Cover of the April 1983 issue of Trouser Press magazine (#84), featuring The Clash.
|Founder||Ira Robbins, Dave Schulps and Karen Rose|
|First issue||March 1974|
|Company||Trans-oceanic Trouser Press|
|Based in||New York City|
Trouser Press was a rock and roll magazine started in New York in 1974 as a mimeographed fanzine by editor/publisher Ira Robbins, fellow Who fan Dave Schulps and Karen Rose under the name "Trans-Oceanic Trouser Press" (a reference to a song by the Bonzo Dog Doo-Dah Band and an acronymic play on the British TV show Top of the Pops). Publication of the magazine ceased in 1984; the unexpired portion of mail subscriptions was completed by Rolling Stone sister publication Record, which itself folded in 1985. Trouser Press has continued to exist in various formats.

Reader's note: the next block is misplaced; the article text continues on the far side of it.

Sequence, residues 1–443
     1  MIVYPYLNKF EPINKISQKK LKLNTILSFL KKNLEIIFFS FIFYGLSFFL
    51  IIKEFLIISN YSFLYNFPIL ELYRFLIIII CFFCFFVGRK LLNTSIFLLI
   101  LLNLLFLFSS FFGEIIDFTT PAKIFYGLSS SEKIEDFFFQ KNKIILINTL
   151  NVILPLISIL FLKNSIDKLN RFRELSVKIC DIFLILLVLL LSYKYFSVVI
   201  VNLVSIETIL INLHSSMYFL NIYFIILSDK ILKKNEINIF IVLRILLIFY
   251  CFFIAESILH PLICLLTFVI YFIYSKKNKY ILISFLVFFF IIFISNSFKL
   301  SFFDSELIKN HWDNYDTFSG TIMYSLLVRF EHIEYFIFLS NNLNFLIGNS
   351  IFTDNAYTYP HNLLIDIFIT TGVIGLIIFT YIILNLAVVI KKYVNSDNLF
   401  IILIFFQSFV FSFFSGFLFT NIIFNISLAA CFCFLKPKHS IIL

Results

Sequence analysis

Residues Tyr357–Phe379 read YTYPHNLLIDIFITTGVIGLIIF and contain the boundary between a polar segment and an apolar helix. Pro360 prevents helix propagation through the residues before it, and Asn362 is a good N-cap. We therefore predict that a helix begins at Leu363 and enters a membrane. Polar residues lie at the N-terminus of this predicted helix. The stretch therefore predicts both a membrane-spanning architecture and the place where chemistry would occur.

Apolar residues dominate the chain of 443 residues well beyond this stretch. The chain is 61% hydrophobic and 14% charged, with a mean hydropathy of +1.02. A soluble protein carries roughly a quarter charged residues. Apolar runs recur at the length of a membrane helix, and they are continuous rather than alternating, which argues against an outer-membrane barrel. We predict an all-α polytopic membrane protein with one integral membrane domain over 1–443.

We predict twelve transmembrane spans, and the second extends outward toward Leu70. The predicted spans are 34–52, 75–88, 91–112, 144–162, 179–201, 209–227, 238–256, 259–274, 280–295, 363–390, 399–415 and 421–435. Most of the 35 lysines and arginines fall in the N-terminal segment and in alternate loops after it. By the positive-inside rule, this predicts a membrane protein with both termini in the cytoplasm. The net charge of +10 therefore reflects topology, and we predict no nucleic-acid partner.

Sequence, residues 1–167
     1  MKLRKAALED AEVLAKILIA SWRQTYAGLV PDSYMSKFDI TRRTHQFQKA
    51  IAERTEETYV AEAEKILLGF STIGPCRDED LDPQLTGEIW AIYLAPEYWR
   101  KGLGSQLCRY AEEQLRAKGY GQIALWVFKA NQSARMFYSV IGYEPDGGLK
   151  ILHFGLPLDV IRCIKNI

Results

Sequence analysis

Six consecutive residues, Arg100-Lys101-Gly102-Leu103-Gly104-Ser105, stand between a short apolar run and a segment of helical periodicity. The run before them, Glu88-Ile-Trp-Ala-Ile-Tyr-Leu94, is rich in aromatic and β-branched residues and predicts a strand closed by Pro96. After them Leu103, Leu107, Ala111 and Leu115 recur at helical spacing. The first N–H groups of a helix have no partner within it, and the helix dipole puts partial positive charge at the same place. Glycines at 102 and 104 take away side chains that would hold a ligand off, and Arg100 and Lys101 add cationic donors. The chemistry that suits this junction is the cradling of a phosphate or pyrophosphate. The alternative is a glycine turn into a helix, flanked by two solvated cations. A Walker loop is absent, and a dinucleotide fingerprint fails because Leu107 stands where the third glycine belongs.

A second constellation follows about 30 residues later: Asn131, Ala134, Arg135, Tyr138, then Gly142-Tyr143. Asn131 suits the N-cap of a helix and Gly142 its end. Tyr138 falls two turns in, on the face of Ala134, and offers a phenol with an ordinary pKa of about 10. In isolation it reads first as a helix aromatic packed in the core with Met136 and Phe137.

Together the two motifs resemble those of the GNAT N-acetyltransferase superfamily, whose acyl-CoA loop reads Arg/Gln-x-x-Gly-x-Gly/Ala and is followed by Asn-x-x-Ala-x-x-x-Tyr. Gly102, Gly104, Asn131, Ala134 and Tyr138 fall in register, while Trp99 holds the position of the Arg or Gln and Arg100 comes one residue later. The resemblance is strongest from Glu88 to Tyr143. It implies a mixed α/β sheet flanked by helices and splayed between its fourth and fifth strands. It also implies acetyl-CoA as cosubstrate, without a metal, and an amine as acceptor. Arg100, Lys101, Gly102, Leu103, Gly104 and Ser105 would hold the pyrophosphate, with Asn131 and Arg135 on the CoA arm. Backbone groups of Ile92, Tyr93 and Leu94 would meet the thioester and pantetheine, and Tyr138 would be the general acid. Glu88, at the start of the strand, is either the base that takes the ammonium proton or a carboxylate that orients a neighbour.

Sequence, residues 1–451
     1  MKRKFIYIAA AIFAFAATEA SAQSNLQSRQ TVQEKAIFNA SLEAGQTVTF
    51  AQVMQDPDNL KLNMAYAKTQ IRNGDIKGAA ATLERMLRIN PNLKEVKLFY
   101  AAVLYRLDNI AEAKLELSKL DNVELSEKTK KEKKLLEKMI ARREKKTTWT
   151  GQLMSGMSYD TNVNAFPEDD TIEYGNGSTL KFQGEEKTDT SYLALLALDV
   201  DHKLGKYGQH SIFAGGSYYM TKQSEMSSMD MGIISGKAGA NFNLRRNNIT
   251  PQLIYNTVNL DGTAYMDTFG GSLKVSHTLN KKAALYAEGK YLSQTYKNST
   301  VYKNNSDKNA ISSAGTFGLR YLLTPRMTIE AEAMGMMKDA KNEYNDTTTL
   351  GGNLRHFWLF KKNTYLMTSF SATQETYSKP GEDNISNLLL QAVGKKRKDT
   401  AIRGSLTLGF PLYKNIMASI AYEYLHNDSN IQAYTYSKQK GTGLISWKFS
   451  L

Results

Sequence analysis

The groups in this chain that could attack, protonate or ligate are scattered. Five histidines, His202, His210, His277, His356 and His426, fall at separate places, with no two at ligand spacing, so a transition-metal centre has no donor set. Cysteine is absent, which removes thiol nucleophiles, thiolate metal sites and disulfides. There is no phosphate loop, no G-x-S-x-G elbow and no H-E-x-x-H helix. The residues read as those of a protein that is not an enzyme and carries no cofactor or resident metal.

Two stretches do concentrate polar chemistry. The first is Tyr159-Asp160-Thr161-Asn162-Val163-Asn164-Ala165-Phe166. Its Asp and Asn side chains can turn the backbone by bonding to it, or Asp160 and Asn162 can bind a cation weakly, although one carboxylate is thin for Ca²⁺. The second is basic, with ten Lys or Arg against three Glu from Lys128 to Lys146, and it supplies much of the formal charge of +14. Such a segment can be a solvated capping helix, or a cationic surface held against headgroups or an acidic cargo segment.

The magazine's original scope was British bands and artists (early issues featured the slogan "America's Only British Rock Magazine"). Initial issues contained occasional interviews with major artists like Brian Eno and Robert Fripp and extensive record reviews. After 14 issues, the title was shortened to simply Trouser Press, and it gradually transformed into a professional magazine with color covers and advertising.